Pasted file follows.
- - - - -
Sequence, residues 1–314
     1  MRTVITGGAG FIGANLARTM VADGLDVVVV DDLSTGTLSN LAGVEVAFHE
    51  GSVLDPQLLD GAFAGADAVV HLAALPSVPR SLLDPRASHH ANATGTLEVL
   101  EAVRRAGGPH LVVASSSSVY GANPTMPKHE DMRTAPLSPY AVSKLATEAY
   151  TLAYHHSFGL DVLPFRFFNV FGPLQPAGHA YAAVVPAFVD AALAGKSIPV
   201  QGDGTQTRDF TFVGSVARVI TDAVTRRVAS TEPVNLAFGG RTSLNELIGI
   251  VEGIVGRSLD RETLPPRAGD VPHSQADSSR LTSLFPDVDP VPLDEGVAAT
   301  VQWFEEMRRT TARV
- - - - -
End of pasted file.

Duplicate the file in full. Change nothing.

Sequence, residues 1–314
     1  MRTVITGGAG FIGANLARTM VADGLDVVVV DDLSTGTLSN LAGVEVAFHE
    51  GSVLDPQLLD GAFAGADAVV HLAALPSVPR SLLDPRASHH ANATGTLEVL
   101  EAVRRAGGPH LVVASSSSVY GANPTMPKHE DMRTAPLSPY AVSKLATEAY
   151  TLAYHHSFGL DVLPFRFFNV FGPLQPAGHA YAAVVPAFVD AALAGKSIPV
   201  QGDGTQTRDF TFVGSVARVI TDAVTRRVAS TEPVNLAFGG RTSLNELIGI
   251  VEGIVGRSLD RETLPPRAGD VPHSQADSSR LTSLFPDVDP VPLDEGVAAT
   301  VQWFEEMRRT TARV